32 Win 28–3–1 Calvin Porter TKO 8 (10) Oct 26, 1983 Sands, Atlantic City, New Jersey, U.S.
31 Win 27–3–1 Jose Baret TKO 8 (10), 2:48 Jun 10, 1983 Felt Forum, New York City, New York, U.S.
30 Win 26–3–1 Greg Harper TKO 4 Apr 16, 1983 Catholic Central High School, Muskegon, Michigan, U.S.
29 Win 25–3–1 Greg Netter KO 3 Feb 19, 1983 Grand Rapids, Michigan, U.S.
28 Win 24–3–1 Gary Jones PTS 10 Jan 19, 1983 UAW Hall 659, Flint, Michigan, U.S.
27 Draw 23–3–1 Allen Braswell PTS 8 Jul 17, 1982 Felt Forum, New York, New York, U.S.
26 Win 23–3 Agapito Ramirez KO 6 (10) Mar 24, 1982 Las Vegas, Nevada, U.S.
25 Win 22–3 Larry McCall UD 10 Oct 17, 1981 Traverse City, Michigan, U.S.
24 Win 21–3 Larry McCall UD 10 Jul 29, 1981 Civic Center, Saginaw, Michigan, U.S.
23 Win 20–3 Tony Taylor KO 5 Jul 2, 1981 Cobo Hall, Detroit, Michigan, U.S.
22 Loss 19–3 Marlon Starling UD 10 Mar 9, 1981 Exhibition Center, Hartford, Connecticut, U.S.
21 Win 19–2 Bobby Crawford KO 3 May 22, 1980 Holland, Michigan, U.S.
20 Win 18–2 Lynn Lustig KO 2 Apr 19, 1980 Muskegon, Michigan, U.S.
19 Win 17–2 Sam Lantion KO 4 Mar 22, 1980 Grand Rapids, Michigan, U.S.
18 Win 16–2 Calvin Straughter TKO 3 Jan 9, 1980 Holland, Michigan, U.S.
17 Loss 15–2 Sugar Ray Leonard TKO 10 (10), 2:16 Sep 9, 1978 Civic Center, Providence, Rhode Island, U.S.
16 Win 15–1 Art McKnight UD 10 Aug 25, 1978 Houston, Texas, U.S.
15 Win 14–1 Pablo Rodriguez UD 10 Dec 10, 1977 Ford Fieldhouse, Grand Rapids, Michigan, U.S.
14 Win 13–1 Sammy Rookard KO 10 (10) Aug 4, 1977 Jackson, Michigan, U.S.
13 Win 12–1 Ron Pettigrew KO 7 (10) Jun 11, 1977 Center High School, Jackson, Michigan, U.S.
12 Win 11–1 Miguel Barreto UD 8 Mar 27, 1977 Randolph Air Force Base, Universal City, Texas, U.S.
11 Win 10–1 Aundra Love PTS 10 Aug 22, 1976 Flint, Michigan, U.S.
10 Win 9–1 Joe Armour PTS 8 Jul 24, 1976 Kalamazoo, Michigan, U.S.
9 Win 8–1 Freddie Jones KO 3 (6) May 25, 1976 Center Arena, Seattle, Washington, U.S.
8 Win 7–1 Bobby Orr TKO 8, 1:45 Apr 23, 1976 IMA Sports Arena, Flint, Michigan, U.S.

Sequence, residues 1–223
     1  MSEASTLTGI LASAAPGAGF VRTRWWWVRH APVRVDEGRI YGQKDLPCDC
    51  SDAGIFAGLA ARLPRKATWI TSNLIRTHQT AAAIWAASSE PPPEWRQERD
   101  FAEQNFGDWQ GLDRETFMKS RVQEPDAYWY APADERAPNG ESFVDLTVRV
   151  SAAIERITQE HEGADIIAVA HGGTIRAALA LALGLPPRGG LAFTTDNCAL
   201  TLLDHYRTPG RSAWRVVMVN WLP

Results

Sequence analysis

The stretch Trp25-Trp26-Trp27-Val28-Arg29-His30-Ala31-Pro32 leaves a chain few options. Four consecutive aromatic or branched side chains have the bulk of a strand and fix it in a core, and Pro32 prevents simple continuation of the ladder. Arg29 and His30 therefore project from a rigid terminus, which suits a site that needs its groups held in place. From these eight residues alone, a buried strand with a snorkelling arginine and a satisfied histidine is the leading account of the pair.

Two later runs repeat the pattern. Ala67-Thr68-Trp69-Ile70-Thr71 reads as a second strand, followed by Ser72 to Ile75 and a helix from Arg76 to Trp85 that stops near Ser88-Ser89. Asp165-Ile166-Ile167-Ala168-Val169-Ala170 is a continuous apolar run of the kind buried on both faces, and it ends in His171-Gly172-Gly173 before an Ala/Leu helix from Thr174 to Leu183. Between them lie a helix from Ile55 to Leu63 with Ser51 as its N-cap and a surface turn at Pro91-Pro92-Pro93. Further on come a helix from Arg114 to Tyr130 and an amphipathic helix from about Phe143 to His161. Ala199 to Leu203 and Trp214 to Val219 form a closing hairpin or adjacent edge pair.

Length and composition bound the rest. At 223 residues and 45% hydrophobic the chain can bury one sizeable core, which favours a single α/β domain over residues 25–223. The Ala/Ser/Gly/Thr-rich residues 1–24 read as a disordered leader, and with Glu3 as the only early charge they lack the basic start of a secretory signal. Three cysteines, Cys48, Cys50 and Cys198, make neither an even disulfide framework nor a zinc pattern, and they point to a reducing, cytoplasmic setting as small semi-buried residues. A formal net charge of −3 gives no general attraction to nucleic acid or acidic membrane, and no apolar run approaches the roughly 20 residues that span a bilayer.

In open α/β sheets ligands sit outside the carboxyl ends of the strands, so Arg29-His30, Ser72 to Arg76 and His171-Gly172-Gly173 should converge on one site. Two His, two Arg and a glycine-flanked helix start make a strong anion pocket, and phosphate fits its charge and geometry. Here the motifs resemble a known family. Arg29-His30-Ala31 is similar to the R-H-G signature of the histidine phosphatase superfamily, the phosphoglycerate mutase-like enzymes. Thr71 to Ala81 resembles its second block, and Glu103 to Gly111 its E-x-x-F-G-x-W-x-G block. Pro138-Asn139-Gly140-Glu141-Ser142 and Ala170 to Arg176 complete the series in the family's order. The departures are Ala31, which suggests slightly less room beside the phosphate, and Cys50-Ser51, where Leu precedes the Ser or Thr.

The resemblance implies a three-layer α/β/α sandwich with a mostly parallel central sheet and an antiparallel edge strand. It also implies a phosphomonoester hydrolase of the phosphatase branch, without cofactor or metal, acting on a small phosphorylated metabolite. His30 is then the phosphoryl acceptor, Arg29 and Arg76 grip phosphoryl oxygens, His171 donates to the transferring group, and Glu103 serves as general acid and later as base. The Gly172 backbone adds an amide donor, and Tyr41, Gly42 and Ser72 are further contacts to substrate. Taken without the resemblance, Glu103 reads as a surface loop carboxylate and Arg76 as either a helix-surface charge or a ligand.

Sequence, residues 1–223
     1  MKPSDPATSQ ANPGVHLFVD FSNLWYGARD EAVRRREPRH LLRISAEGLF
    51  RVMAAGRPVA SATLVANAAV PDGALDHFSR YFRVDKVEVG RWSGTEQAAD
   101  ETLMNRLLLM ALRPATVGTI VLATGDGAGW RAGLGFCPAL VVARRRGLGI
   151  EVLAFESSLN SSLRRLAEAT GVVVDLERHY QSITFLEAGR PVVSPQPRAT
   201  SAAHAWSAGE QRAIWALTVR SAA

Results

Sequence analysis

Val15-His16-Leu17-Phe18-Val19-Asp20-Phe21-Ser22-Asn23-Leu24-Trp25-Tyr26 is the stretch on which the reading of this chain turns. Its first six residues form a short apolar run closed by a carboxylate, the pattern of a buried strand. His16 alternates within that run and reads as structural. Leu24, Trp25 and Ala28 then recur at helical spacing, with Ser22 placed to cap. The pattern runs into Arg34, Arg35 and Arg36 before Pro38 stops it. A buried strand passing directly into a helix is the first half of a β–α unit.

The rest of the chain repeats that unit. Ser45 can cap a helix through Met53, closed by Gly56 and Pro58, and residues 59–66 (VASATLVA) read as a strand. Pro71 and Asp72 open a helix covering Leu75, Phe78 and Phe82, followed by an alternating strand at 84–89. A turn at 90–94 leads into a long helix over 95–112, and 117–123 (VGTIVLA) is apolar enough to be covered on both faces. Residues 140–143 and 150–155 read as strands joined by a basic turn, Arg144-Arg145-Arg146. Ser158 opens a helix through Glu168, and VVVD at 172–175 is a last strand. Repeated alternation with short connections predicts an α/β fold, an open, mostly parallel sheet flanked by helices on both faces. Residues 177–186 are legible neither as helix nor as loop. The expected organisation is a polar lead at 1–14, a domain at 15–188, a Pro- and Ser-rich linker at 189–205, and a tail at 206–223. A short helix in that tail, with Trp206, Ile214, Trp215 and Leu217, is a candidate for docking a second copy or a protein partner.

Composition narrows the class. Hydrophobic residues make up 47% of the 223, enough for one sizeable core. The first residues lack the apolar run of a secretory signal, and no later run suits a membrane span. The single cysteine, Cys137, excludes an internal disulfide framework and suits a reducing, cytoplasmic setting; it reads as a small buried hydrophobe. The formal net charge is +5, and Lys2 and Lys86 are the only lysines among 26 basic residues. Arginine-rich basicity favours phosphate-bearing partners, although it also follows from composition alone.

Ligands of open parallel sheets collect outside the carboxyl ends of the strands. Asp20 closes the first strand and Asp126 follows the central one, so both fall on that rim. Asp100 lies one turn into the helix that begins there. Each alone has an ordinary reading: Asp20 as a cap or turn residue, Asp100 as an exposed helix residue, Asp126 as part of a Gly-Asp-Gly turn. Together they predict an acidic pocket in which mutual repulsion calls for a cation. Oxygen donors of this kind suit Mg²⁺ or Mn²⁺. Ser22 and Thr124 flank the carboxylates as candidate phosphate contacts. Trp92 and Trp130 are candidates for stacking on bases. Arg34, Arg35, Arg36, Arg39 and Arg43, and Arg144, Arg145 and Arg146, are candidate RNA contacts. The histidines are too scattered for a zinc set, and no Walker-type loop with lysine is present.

7 Win 6–1 Darryl Penn UD 6 Apr 21, 1976 Center Arena, Seattle, Washington, U.S.
6 Win 5–1 Tyrone Phelps SD 8 Jul 23, 1975 Capital Centre, Landover, Maryland, U.S.
5 Loss 4–1 Tyrone Phelps TKO 2 (6), 2:40 May 22, 1975 Steel Workers Union Hall, Baltimore, Maryland, U.S.
4 Win 4–0 CJ Faison KO 3 (6), 1:13 May 8, 1975 Steel Workers Union Hall, Baltimore, Maryland, U.S.
3 Win 3–0 Ernie Wicher TKO 1 (4), 1:37 Apr 29, 1975 Capital Centre, Landover, Maryland, U.S.
2 Win 2–0 Sparky Wheeler TKO 2, 2:45 Apr 11, 1975 Steel Workers Union Hall, Baltimore, Maryland, U.S.
1 Win 1–0 Ron Pettigrew PTS 4 Nov 21, 1974 Highland Park, Michigan, U.S.

See also[edit]

References[edit]

  1. ^ Professional boxing record for Floyd Mayweather Sr. from BoxRec
  2. ^ Iole, Kevin. (November 25, 2008) Mailbag: Floyd Sr. faces a different foe – Boxing – Yahoo! Sports. Sports.yahoo.com. Retrieved on 2011-11-28.
  3. ^ "Floyd Mayweather picks Cotto over roided Pacquiao". Archived from the original on March 17, 2010. Retrieved January 9, 2010.CS1 maint: BOT: original-url status unknown (link). directorslive.com
  4. ^ Manny Pacquiao suit moves forward. Associated Press. March 22, 2011
  5. ^ Floyd Mayweather Joins UFC: BJ Penn Shocker. Ringside Report (January 8, 2011). Retrieved on 2011-11-28.
  6. ^ Mayweather Jr. and Sr. reunite – Dan Rafael Blog – ESPN. Espn.go.com (February 5, 2013). Retrieved on 2015-07-27.

External links[edit]